The Other McCain

"One should either write ruthlessly what one believes to be the truth, or else shut up." — Arthur Koestler

A Fascinating Video: How Academic Feminists Persecute Their Opponents

Posted on | March 16, 2016 | 19 Comments

Janice Fiamengo explains it all.

Those who have followed the Sex Trouble series may recall that I have disavowed being a Men’s Rights Activist (MRA) which, of course, hasn’t kept feminists from describing me as such. (SJWs Always Lie.)

My research is about exposing what feminists actually believe — the esoteric doctrine of their cult, which they conceal behind an exoteric discourse of “equality.” No honest or responsible adult could support the anti-male/anti-heterosexual ideology of feminism, if they actually understood what it is about. It is not necessary, and I believe it to be unwise as strategy, for critics of feminism to accept the identity-politics concept of collective group “rights.” The rights of an American citizen under the Constitution are sufficient to anyone, or rather would be sufficient, were it not for the Supreme Court’s imaginative interpretations of the Fourteenth Amendment that have inflicted such chaos and destruction on our society in recent decades. But I digress . . .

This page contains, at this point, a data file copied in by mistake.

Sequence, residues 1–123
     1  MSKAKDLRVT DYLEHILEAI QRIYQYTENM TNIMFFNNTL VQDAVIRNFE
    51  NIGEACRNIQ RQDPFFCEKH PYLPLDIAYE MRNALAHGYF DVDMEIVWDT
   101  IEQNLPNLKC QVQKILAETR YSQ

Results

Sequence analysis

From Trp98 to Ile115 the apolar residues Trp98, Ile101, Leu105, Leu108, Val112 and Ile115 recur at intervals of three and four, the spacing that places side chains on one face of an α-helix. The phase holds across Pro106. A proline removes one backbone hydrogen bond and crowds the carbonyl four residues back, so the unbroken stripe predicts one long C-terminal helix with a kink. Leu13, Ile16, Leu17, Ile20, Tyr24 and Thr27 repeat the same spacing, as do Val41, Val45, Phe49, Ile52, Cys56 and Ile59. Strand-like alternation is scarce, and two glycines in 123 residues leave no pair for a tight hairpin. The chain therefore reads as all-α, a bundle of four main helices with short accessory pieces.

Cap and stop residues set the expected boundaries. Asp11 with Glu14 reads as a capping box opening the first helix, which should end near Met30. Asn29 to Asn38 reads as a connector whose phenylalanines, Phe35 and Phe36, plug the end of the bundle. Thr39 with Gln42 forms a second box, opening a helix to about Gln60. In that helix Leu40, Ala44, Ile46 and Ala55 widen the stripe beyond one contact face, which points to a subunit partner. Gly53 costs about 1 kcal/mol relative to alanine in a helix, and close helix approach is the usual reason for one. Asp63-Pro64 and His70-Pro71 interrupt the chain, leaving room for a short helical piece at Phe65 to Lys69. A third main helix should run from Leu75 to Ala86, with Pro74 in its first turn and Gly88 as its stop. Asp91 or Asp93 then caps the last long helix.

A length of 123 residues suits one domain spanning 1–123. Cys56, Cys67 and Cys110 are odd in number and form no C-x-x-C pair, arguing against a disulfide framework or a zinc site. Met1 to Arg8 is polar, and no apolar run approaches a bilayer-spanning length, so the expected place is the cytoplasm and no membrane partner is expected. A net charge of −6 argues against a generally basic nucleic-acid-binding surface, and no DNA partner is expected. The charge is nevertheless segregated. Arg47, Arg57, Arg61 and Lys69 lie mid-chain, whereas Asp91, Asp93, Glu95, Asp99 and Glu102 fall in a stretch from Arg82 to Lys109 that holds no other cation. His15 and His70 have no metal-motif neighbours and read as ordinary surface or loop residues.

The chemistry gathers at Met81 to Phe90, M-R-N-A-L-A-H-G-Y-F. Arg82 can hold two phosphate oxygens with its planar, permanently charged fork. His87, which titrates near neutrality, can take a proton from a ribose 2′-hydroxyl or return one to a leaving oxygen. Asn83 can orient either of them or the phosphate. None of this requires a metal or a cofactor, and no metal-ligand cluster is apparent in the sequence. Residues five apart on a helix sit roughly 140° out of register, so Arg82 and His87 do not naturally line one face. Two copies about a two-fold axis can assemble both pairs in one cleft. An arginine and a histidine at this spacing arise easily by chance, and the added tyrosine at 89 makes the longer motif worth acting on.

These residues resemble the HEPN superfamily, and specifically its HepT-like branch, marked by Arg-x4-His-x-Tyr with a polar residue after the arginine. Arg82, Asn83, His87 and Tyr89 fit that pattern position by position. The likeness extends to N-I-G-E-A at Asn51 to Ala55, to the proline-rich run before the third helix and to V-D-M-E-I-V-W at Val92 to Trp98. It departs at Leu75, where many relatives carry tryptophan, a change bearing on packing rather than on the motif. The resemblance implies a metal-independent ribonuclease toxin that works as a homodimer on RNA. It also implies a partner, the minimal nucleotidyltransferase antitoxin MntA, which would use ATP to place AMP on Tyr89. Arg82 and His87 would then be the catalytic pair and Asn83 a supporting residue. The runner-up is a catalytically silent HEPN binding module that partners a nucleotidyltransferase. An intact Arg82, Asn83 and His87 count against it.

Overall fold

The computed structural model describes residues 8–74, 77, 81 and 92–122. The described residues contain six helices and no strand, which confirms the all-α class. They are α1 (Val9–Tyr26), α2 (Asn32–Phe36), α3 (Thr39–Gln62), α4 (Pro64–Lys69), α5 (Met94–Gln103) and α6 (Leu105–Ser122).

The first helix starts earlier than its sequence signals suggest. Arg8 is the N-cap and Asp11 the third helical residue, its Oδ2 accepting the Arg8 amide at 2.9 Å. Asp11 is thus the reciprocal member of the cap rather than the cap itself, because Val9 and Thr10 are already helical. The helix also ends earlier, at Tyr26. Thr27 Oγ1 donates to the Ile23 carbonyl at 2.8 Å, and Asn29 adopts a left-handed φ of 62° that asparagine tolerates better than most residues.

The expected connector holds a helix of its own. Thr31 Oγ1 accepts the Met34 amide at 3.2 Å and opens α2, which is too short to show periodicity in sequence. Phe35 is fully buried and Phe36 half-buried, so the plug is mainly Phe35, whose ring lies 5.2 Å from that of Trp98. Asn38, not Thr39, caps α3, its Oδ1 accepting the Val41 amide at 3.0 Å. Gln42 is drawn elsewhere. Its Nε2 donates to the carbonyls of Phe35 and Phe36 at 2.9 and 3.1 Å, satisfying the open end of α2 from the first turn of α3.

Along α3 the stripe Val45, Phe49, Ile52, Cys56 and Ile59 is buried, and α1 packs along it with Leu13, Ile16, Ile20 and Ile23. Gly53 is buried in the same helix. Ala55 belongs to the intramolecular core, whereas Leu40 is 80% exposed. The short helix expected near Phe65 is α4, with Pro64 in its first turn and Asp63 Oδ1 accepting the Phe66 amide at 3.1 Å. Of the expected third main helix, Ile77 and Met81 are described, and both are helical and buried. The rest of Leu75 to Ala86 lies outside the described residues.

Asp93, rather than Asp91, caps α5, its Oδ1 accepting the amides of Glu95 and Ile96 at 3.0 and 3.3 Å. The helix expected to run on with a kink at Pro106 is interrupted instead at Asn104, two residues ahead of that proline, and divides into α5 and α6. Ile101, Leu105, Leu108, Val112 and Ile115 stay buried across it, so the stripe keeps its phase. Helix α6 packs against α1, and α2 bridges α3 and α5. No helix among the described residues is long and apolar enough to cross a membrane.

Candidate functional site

While I am not an MRA, however, valuable work is done by activists in the MRA movement in documenting the harmful effects of feminism, and they are owed credit for focusing sustained attention on these issues. How is it that I had never heard of Sage Gerard until yesterday? Gerard was a student at Kennesaw State University (a community college that metastasized, as it were) in 2014 when he decided to form a campus club, KSU Men, to counteract what he saw as unfair bias against male students. According to “diversity” logic, the fact that males are a minority at KSU (only 43% of enrollment) means that the faculty and administration are discriminating against men. What is KSU doing to rectify its shameful history of anti-male discrimination, and to address the tragic plight of these underrepresented victims of social injustice?

Excuse my sarcasm about this mentality, but as Friedrich Hayek explained, social justice is a mirage — no such thing has ever existed, nor will progressive policies lead to any kind of Rawlsian “equality” in the future, and anybody who doesn’t recognize this is a fool. Because I prefer not to waste time arguing with fools, however, I never bother to explain all this philosophical background to the various Obamabots and political correctoids who think of themselves as Our Moral Superiors™ simply because they (a) went to an elite university and (b) vote for Democrats.